The effective preparation of college students for careers is an important college outcome. Yet, employers and the public increasingly feel that universities are not doing enough to prepare students for the workforce
The NACE Center and SkillSurvey collaborated on a pilot project to determine how to best measure career readiness; results of the initial phase are highlighted.
Systemic reform centered on active learning is essential to cultivate career competencies.
This is the time to marry two potent forces in higher education—college to career readiness and systematic focus on shared institutional outcomes. Career services has much to offer as the whole campus aligns to assure that students graduate with experiences and credentials that reflect genuine capacities that will serve them well in securing work with solid prospects and lives of meaning and agency.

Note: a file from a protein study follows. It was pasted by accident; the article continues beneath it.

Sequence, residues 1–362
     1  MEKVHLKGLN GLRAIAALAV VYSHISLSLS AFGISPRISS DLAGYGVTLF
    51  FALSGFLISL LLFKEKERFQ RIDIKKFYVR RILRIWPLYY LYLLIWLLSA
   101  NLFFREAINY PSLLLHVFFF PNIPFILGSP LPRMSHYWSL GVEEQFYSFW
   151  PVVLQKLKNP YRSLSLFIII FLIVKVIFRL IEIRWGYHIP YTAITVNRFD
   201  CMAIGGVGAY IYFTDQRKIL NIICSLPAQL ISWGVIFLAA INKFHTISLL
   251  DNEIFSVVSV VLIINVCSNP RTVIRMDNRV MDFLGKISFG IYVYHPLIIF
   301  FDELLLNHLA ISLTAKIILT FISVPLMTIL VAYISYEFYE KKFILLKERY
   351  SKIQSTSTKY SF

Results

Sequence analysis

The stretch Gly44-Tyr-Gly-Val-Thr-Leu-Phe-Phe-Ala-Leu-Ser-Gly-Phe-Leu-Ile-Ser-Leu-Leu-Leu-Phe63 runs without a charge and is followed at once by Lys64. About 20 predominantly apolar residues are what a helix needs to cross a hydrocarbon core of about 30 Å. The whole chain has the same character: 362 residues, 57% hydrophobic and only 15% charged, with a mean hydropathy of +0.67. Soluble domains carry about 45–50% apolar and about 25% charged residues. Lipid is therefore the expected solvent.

In spring 2014, the National Association for Campus Activities (NACA) and NIRSA: Leaders in Collegiate Recreation launched a working group to look at how the soft skills gained through participation and employment in co-curricular experiences helped to prepare students for their careers. The goal was to identify ways that students are gaining skills that make them more desirable to employers by participating in programs in collegiate recreation and campus activities and by engaging in student employment in the fields of collegiate recreation and campus activities.